By Bharat Dogra
In India there has been much discussion in recent times of the dangers of increasing corporatization of farming and food sectors. This is welcome, as there needs to be increasing public awareness of this harmful and high risk trend.
In the course of this discussion the name of two billionaires has been increasingly taken to such an extent that has become a part of routine daily discussion . While this is understandable as the two business houses and the gentlemen associated them are regarded as the most favored ones in the entrenched crony capitalism, this has also led to a certain oversimplification of the discourse. In particular this distracts attention from the much wider, and in fact much more powerful range of forces that threatens to disrupt badly the food and farming system of India and many other countries of the global south.
What are these powerful forces and what are their aims and strategies? It is very important to understand this if a credible resistance is to be organized in time to protect food security, food sovereignty, agro-ecology and the sustainable livelihoods of rural communities based on this.
At the core of this highly selfish and disruptive effort are a number of giant multinational companies , having local subsidiaries and branches in many countries, not just competing with each other but also having surprising levels of collaborative actions to promote common and joint interests. One of the ways in which they keep trying to concentrate power is by mergers. Mergers also allow companies which acquire too much disrepute from unethical activities to hide their previous identity and find a new one. While earning very high profits from food and farming is of course a more commonly understood aim of these corporations, an even more prized but less discussed aim is to gain more and more dominance of the food and farming sector. For this increasing concentration and dominance particularly in the seeds sector is emphasized more by them , and within the seeds sector their emphasis is most on GM seeds, which facilitates dominance, as well as patenting and linking of particular specified agro-chemicals to their seeds. The ultimate aim of these big corporations is to concentrate control of food/farming sector from seeds to farming to processing to dining table in a few hands.
These giant companies do not just promote their interests on their own; in addition they obtain the even more influential help of ruling regimes in various countries, setting aside huge funds for legally permissible lobbying and political donations, as well as corrupt practices which have been documented and exposed in the past. The success of these efforts is evident from the fact that in many countries these companies can count on the help and collaboration of senior officials, scientists and politicians.
Thirdly, these companies have the explicit or implicit help and backing of several very influential international organizations which function to promote mainly big business friendly approach to various policy issues. These organizations can be economic or business organizations, or these can be presented also as philanthropic organizations. These organizations have acquired special skills in giving big business interests the cover of sustainability and public good ( and in fact generate very high paying, lucrative jobs and consultancies for the purpose of providing just this spin and deception). Some of these organizations, including supposedly philanthropic ones, have targeted food/farming and health sectors particularly as the two most critical sectors whose dominance by big business interests will pave the way for overall dominance .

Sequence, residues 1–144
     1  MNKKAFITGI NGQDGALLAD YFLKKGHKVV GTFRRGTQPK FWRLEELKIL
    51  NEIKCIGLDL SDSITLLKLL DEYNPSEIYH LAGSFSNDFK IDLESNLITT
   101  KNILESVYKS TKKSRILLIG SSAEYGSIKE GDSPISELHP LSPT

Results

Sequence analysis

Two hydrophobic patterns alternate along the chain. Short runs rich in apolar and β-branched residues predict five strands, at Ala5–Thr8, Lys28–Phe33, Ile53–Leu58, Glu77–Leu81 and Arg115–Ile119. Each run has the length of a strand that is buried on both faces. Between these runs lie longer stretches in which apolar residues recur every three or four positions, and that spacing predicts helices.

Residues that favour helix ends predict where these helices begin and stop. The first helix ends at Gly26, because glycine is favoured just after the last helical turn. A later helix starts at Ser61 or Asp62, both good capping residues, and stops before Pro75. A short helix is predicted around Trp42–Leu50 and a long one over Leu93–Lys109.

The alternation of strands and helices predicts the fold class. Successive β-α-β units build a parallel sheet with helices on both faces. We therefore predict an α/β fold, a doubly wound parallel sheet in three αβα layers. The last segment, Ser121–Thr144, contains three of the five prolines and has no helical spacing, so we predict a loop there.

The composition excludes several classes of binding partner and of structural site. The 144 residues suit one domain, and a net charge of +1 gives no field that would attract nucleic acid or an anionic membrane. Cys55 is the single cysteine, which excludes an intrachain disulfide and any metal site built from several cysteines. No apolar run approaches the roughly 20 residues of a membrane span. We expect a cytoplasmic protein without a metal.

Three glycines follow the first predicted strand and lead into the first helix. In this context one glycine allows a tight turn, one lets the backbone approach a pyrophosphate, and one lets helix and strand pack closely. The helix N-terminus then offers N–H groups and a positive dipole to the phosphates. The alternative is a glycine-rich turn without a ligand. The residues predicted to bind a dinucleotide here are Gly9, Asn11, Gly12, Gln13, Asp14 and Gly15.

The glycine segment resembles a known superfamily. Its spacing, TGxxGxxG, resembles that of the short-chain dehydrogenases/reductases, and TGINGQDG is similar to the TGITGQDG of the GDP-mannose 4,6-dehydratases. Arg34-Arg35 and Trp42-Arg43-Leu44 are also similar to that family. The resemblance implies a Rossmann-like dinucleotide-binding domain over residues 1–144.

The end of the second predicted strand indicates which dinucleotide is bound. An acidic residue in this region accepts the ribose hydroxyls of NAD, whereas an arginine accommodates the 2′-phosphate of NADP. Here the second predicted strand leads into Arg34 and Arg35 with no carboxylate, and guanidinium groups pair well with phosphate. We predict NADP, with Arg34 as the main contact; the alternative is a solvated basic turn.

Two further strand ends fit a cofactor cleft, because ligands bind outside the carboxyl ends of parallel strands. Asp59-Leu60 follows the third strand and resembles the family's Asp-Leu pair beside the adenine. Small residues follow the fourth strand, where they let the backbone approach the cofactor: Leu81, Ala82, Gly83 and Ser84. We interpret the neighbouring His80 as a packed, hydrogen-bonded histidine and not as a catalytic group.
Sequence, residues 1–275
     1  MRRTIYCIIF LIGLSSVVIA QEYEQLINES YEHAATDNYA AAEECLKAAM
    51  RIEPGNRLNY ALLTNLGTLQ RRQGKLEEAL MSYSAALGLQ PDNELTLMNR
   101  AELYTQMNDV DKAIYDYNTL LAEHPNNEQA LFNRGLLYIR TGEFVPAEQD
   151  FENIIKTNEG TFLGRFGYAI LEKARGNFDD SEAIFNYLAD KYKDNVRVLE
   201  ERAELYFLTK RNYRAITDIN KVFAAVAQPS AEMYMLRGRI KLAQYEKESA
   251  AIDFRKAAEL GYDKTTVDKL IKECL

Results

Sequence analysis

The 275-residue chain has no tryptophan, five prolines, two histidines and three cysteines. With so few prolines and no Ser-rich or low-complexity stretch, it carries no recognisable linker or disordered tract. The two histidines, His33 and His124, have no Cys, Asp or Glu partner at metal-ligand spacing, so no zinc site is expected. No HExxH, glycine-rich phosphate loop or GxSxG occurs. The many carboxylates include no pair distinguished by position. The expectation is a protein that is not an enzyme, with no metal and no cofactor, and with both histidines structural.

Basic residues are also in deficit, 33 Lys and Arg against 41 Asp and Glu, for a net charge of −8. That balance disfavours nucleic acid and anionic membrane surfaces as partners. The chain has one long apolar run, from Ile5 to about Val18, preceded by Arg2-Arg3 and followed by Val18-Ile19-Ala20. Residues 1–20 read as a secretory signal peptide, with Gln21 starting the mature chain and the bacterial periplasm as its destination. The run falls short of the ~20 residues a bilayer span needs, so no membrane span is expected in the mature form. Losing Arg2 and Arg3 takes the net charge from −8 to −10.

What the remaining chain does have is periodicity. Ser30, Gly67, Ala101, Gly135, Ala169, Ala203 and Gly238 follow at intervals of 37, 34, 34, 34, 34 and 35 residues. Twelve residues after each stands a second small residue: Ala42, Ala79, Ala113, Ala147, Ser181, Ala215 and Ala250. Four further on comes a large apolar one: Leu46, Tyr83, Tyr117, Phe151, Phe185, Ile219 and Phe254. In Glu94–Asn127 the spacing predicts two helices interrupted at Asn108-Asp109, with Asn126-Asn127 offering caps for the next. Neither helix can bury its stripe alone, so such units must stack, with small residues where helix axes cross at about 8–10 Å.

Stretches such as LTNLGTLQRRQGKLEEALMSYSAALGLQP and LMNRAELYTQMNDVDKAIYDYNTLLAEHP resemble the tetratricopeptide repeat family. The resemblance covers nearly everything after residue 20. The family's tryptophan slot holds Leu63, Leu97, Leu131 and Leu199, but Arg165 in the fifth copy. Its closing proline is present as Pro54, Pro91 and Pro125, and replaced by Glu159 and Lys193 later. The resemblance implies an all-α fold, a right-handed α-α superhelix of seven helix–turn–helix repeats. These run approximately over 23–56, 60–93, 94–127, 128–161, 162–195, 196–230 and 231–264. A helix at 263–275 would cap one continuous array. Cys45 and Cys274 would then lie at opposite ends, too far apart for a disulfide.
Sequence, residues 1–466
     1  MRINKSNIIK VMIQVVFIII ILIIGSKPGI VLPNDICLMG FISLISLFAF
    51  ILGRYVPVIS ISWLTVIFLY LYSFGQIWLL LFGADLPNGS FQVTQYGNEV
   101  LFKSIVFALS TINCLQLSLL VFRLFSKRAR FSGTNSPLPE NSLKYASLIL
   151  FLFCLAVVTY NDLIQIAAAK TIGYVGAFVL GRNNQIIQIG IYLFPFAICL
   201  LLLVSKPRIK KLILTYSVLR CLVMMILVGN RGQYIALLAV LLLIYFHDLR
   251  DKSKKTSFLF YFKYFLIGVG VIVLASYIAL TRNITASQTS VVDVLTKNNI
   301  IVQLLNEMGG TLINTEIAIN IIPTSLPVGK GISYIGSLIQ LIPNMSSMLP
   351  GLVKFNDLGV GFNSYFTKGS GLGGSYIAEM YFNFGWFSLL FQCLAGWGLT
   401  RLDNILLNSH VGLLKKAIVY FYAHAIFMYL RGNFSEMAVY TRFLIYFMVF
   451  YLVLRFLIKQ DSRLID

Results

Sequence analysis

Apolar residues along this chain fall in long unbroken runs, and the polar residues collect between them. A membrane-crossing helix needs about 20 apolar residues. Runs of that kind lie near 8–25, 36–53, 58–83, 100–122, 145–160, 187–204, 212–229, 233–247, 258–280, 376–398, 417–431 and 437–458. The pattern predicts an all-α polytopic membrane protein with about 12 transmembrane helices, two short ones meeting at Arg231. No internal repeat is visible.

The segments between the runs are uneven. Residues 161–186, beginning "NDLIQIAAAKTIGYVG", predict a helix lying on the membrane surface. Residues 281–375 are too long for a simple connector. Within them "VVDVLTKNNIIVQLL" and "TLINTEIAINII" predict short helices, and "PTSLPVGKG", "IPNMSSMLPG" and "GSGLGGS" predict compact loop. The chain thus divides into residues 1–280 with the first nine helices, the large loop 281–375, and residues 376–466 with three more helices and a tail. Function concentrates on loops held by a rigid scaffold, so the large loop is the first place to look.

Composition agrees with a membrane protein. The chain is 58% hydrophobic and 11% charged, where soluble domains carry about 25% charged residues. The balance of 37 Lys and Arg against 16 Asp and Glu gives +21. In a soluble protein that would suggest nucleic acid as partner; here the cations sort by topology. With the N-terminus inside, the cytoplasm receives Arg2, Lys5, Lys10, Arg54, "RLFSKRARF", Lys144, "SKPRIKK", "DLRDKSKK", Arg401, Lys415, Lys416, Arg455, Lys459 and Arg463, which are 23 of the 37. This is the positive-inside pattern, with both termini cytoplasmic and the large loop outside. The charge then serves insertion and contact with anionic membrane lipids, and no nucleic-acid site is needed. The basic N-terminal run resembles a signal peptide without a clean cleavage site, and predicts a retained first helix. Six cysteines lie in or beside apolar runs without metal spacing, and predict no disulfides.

Fourthly, there is an increasing effort by these big business interests to also infiltrate and or co-opt the United Nations system, agencies and officials as their agenda gets much more credibility and its deceptive power increases significantly if it is carried forward, even if in a somewhat diluted or covered-up form, by the United Nations system. Hence it is no longer surprising to find the interests of big business supported or advanced in various clever forms by some United Nations agencies and officials. An additional advantage of this is that many experts and consultants working with the UN also get somewhat supportive, and collaborators within governments find it easier to extend support. Of course some honest persons within the UN system continue to resist this.
In addition, big business has a big hold over the media as providers of huge advertisement revenue as well as other benefits. Of course not all media accept these benefits but the reality of overall media support for big business interests exists.
Last but not the least, the big companies try to buy the support of many NGOs, including those working at grassroots, by giving big projects and in fact they are also willing to fund some farmer organizations as well, directly or indirectly, to compromise them or to buy their support. Of course, several honest persons within the NGO sector also continue to resist this strongly.
This is the wider range of forces promoting a highly disruptive agenda for food and farming sector which will lead to the dominance of a few big multinational companies in this sector, while harming sustainable livelihoods of farmers and availability of safe and healthy food. This agenda should be resisted not just by farmers and their organizations but by all citizens who value sustainable availability of safe and healthy food based on sustainable livelihoods of farmers.
Bharat Dogra is a journalist and author. His recent books include Planet in Peril and Protecting Earth for Children.